CompassionateLove Blog: Displaying compassion for those who struggle with mental illness (c)2015 Nancy Virden
Depression, whether triggered by circumstances we can see or not, is a place of pain. We may experience it to some level or another, but when a person won’t get out of bed you can bet she or he is hurting badly.
I know it is hard to take care of someone who is sick. It challenges our agendas and causes us to sacrifice more time and energy. Depression is especially painful to watch when we love who is suffering. Often we feel helpless, though this is not exactly true!
Each person with depression experiences it differently. Commonalities, such as a few predictable symptoms, do not mean one-solution-fits-all. If circumstances could be exactly replicated, individuals will still have unique reactions. It is tempting to think others “ought” to respond or feel as we do.
Consider this: Is it reasonable to assume millions of people each year would choose to have their lives interrupted in such a way? It makes more sense that your loved one prefers laughter, meaningful relationships, and accomplishment, does it not? If a person you care about seems unwilling to move, out of sheer stubbornness, laziness, or self-pity, remember no one wants to be depressed.
Your loved-one needs love and affection, non-critical acceptance, and patience. Emotions are raw. Pain may be so intense that his or her body cannot keep up. Major depression reroutes best intentions into days staring at the walls. Every joint can move as if in slow motion. This daily fight creates a hero with each small step forward.
Despair and a sense of helplessness continued to hold my focus for over a year following a suicide attempt. I was considered treatment-resistant, a problem for some. Baby steps of self-care slowly led to more, then eventually to more. Sixteen months later, I was able to decide to learn what enjoying life means.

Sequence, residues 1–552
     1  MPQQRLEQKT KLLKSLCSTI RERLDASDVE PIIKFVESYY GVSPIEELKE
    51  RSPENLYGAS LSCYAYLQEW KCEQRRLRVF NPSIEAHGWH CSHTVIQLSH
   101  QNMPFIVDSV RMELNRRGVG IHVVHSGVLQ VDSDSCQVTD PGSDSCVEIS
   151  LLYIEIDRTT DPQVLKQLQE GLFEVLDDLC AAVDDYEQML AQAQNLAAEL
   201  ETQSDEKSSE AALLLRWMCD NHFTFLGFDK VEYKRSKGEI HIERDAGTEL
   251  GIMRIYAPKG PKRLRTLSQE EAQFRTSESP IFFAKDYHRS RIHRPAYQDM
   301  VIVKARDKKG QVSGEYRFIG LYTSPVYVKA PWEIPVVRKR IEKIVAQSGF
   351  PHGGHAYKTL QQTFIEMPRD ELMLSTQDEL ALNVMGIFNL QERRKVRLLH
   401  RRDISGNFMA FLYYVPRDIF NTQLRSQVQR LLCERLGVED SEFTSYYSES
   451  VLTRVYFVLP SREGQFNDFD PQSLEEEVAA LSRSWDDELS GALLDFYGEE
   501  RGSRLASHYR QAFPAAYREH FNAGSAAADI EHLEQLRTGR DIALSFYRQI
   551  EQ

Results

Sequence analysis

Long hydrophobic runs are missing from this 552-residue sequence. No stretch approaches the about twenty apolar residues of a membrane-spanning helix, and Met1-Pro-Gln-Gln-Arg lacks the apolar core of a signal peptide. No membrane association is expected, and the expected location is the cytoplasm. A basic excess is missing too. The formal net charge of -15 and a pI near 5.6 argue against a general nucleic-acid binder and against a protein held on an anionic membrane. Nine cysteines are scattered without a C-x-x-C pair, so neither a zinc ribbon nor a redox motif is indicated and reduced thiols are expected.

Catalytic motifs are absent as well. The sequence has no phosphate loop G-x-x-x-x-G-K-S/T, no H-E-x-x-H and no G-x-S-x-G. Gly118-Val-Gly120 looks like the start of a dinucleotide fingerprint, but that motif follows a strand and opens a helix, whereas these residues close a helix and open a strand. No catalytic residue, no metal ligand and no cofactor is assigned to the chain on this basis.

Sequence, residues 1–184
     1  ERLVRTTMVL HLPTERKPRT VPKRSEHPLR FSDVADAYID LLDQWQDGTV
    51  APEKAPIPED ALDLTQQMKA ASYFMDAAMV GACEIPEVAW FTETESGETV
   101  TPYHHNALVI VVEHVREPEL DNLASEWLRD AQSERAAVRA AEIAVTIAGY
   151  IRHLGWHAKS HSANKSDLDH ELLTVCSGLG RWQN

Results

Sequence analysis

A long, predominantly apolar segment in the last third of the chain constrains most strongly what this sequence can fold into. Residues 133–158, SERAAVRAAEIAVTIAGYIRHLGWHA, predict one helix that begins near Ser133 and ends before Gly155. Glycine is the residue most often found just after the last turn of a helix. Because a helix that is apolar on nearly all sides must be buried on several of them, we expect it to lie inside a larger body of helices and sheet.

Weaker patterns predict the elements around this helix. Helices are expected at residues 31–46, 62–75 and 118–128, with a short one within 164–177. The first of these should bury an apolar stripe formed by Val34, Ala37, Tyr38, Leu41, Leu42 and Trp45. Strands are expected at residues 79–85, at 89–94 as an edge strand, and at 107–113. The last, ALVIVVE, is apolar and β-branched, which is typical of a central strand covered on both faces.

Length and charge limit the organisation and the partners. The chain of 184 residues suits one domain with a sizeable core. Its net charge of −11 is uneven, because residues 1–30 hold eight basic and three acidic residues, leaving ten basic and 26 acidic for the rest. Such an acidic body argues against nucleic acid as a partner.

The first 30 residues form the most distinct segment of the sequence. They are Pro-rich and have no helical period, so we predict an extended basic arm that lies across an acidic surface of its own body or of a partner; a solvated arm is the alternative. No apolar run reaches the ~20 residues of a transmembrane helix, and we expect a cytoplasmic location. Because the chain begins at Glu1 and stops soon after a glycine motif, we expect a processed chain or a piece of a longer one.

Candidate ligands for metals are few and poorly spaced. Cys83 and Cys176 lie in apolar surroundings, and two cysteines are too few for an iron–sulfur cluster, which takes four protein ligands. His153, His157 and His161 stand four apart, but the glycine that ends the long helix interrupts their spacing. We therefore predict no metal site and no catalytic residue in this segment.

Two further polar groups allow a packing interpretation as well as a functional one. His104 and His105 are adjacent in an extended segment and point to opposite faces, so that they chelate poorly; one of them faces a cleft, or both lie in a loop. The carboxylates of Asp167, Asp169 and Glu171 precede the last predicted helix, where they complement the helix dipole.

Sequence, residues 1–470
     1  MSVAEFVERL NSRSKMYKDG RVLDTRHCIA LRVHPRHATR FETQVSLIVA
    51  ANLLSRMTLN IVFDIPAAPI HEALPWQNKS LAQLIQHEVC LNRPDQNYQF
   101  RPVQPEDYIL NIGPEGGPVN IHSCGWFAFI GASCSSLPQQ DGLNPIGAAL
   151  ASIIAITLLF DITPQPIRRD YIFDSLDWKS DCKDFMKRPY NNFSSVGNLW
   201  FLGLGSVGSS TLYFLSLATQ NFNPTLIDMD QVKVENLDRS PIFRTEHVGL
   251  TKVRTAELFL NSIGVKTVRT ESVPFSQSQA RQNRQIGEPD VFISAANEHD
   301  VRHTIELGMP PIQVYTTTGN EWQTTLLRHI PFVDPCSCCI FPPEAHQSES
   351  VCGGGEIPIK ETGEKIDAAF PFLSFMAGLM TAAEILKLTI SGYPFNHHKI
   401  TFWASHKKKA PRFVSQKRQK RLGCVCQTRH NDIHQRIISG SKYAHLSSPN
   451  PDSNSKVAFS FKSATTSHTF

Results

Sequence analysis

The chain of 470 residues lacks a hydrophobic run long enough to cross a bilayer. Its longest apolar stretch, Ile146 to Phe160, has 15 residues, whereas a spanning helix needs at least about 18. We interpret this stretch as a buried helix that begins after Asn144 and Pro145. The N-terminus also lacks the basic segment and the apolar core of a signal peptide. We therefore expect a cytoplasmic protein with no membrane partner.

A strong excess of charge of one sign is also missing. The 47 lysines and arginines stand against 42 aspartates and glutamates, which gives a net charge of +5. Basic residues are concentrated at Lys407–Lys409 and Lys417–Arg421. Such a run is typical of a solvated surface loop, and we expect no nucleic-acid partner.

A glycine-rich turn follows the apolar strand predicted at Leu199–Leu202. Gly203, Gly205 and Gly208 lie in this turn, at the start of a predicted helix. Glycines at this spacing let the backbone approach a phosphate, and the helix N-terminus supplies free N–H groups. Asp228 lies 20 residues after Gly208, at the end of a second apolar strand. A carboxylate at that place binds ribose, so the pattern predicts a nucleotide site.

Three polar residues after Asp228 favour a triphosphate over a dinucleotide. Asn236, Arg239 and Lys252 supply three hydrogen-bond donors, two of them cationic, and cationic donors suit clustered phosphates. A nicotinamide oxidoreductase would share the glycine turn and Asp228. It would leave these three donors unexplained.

“Well, of course!” you might say. “So why doesn’t my depressed loved one do that too?”
Your loved one may not know how. Losses and disappointments can interfere with human thinking processes. Issues, both known and unknown, may hold a person hostage for a time. Stress, betrayal, shock, trauma, and abuse are only a few triggers of depression. Sometimes, we do not have an answer to ‘why?’
Professionals in mental healthcare are there to help. Psychiatrists are medical doctors (MD, DO). They prescribe medication; rarely do they offer therapy. Psychologists are experts in human behavior and are often therapists (PhD, PsyD). They do not prescribe medication. Licensed therapists and counselors are trained to help clients cope in healthy ways.
It is of utmost importance you recognize your loved one’s mental health is a complex mix of factors. We are body, mind, and spirit. Addressing all three spheres is wise.
You would not say to a cancer patient, “Quit having cancer!” Yet many are quick to tell a person with major depression to snap out of it. Blaming, accusing, scolding, or shaming will not make it go away any faster.
What is it you can say or do to show support?
Avoid mind-reading and assuming you know what is happening. Ask, “Are you safe? Are you thinking about killing yourself?” In the U.S., you can contact the National Suicide Prevention Lifeline at 1-800-273-TALK for advice. In a crisis, call 911 or take your loved one to the nearest emergency room. Do not leave a suicidal person alone. Remove all lethal items from the home.